In Situ Spectroscopic Ellipsometry in the Field of Industrial Membranes

Citation data:

Springer Series in Surface Sciences, ISSN: 0931-5195, Vol: 52, Page: 173-195

Publication Year:
2018
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Repository URL:
http://hdl.handle.net/10754/627900
DOI:
10.1007/978-3-319-75895-4_8
Author(s):
Wojciech Ogieglo
Publisher(s):
Springer International Publishing
Tags:
Materials Science; In-situ ellipsometry; Industrial membranes; Ultra-thin polymer films; Nanoconfinement effects
book chapter description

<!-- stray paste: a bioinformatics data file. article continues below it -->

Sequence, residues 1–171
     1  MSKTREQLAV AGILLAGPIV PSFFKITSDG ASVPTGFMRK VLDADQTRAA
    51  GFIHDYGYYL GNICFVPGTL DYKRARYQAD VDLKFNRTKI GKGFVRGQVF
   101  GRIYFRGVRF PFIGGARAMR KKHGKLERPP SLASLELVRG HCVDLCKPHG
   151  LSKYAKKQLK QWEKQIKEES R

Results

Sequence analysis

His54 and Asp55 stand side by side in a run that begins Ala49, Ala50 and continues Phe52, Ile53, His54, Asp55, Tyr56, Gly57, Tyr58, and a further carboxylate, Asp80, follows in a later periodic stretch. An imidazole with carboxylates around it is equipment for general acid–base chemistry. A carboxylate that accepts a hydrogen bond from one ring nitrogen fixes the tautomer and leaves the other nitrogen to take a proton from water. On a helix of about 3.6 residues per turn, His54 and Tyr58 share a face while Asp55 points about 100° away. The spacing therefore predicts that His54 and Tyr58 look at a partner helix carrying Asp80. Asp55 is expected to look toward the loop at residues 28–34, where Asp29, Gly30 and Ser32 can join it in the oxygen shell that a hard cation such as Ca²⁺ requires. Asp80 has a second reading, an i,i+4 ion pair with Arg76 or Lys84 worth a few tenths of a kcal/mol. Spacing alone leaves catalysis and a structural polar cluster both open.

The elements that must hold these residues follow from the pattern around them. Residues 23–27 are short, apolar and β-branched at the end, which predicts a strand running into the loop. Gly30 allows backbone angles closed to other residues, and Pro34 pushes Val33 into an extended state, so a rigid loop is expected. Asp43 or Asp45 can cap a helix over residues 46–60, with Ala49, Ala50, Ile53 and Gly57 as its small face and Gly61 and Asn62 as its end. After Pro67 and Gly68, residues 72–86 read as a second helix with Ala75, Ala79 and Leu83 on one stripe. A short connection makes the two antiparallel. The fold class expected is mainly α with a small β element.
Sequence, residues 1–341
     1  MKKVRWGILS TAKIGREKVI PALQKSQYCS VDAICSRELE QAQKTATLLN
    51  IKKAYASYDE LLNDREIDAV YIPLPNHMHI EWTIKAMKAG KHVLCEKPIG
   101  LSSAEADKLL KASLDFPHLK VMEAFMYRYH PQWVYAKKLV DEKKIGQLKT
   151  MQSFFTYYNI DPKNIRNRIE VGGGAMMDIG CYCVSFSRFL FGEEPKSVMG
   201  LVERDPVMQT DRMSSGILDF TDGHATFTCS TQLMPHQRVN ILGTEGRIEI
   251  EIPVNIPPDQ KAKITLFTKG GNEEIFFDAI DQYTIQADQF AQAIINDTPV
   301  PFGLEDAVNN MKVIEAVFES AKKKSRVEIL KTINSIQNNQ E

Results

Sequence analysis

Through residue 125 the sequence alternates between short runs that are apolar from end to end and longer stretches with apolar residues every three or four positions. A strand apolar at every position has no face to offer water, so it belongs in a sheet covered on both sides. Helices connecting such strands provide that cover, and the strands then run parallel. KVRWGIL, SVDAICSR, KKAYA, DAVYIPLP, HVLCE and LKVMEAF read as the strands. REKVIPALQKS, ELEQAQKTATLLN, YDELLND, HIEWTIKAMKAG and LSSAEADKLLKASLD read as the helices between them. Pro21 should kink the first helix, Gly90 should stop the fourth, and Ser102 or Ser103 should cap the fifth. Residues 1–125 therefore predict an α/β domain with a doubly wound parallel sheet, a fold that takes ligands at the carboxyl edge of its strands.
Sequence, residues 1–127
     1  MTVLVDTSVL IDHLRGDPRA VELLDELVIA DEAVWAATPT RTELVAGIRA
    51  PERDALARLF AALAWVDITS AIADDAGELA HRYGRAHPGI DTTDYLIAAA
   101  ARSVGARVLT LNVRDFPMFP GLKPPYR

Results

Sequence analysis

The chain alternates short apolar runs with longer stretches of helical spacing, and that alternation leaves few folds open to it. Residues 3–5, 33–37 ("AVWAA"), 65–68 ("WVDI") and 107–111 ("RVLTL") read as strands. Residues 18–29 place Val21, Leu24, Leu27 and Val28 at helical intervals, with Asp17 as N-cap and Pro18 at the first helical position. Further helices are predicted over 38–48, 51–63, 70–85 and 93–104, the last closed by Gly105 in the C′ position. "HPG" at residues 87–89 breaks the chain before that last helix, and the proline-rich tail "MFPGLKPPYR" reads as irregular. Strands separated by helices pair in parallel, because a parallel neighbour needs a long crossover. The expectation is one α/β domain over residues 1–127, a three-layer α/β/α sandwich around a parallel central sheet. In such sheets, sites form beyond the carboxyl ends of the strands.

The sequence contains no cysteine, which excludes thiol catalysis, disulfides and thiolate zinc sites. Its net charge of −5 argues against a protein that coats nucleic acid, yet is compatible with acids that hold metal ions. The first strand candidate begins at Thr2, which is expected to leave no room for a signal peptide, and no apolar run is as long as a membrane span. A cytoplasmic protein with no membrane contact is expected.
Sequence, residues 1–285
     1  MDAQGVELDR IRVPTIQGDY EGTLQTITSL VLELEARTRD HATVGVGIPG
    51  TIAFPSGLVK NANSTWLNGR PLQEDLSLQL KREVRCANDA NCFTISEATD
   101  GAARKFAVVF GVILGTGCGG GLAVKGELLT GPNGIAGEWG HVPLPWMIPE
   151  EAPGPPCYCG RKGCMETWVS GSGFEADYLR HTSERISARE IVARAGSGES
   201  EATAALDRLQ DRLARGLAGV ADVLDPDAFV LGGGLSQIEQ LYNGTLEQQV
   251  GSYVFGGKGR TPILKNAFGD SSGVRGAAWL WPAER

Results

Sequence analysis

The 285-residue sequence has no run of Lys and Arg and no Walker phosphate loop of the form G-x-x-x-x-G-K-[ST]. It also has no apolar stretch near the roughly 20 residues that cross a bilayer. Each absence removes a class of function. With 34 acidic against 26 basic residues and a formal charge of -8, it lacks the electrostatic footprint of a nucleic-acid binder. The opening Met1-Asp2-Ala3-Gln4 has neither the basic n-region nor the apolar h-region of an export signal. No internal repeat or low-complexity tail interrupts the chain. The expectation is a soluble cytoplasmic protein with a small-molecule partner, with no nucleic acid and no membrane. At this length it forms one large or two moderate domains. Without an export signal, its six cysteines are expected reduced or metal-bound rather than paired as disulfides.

Industrial membranes are playing an ever increasing role in the ongoing and necessary transition of our society towards more sustainable growth and development. Already today membranes offer more energy efficient alternatives to the traditional often very energy intensive industrial separation processes such as (cryogenic) distillation or crystallization. For many years reverse osmosis membranes have offered a viable method for the production of potable water via desalination processes and their significance continuously increases. Recently, membrane technology has been demonstrated to play a significant role in potential methods to generate or store energy on an industrial scale. For molecular separations often the key for an efficient membrane operation often lies in the application of an (ultra-) thin organic polymer, inorganic or hybrid selective layer whose interaction with the separated mixture defines the membrane performance. Ellipsometry has started gaining increasing attention in this area due to its large potential to conduct in-situ, non-destructive and very precise analysis of the film-fluid interactions. In this chapter, we aim to review the important recent developments in the application of ellipsometry in industrial membrane-related studies. We briefly introduce the basics of membrane science and discuss the used experimental setups and optical models. Further we focus on fundamental studies of sorption, transport and penetrant-induced phenomena in thin films exposed to organic solvents or high pressure gases. The application of in-situ ellipsometry is discussed for studies of new, promising membrane materials and the use of the technique for emerging direct studies of operating membranes is highlighted.